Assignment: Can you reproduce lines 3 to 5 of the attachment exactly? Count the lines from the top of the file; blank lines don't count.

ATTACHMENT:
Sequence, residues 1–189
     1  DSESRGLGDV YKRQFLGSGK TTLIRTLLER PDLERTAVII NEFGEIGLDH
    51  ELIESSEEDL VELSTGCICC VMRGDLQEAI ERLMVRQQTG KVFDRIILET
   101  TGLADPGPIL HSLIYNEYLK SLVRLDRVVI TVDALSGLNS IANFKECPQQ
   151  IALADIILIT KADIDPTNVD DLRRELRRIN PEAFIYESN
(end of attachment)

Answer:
    51  ELIESSEEDL VELSTGCICC VMRGDLQEAI ERLMVRQQTG KVFDRIILET
   101  TGLADPGPIL HSLIYNEYLK SLVRLDRVVI TVDALSGLNS IANFKECPQQ
   151  IALADIILIT KADIDPTNVD DLRRELRRIN PEAFIYESN